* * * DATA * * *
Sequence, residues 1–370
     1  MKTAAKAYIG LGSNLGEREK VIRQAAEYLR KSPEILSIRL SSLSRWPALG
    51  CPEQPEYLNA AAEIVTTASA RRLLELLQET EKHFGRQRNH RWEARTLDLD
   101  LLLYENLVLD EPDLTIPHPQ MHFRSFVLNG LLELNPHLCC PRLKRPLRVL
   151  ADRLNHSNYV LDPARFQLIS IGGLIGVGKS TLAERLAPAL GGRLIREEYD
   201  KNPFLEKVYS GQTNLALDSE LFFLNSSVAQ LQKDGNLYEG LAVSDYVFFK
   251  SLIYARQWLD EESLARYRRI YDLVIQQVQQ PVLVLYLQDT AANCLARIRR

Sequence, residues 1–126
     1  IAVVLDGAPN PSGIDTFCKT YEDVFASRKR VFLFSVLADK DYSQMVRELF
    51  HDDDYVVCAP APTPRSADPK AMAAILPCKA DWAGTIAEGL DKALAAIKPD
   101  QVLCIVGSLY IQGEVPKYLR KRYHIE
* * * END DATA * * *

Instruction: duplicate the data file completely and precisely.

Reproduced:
Sequence, residues 1–370
     1  MKTAAKAYIG LGSNLGEREK VIRQAAEYLR KSPEILSIRL SSLSRWPALG
    51  CPEQPEYLNA AAEIVTTASA RRLLELLQET EKHFGRQRNH RWEARTLDLD
   101  LLLYENLVLD EPDLTIPHPQ MHFRSFVLNG LLELNPHLCC PRLKRPLRVL
   151  ADRLNHSNYV LDPARFQLIS IGGLIGVGKS TLAERLAPAL GGRLIREEYD
   201  KNPFLEKVYS GQTNLALDSE LFFLNSSVAQ LQKDGNLYEG LAVSDYVFFK
   251  SLIYARQWLD EESLARYRRI YDLVIQQVQQ PVLVLYLQDT AANCLARIRR

Sequence, residues 1–126
     1  IAVVLDGAPN PSGIDTFCKT YEDVFASRKR VFLFSVLADK DYSQMVRELF
    51  HDDDYVVCAP APTPRSADPK AMAAILPCKA DWAGTIAEGL DKALAAIKPD
   101  QVLCIVGSLY IQGEVPKYLR KRYHIE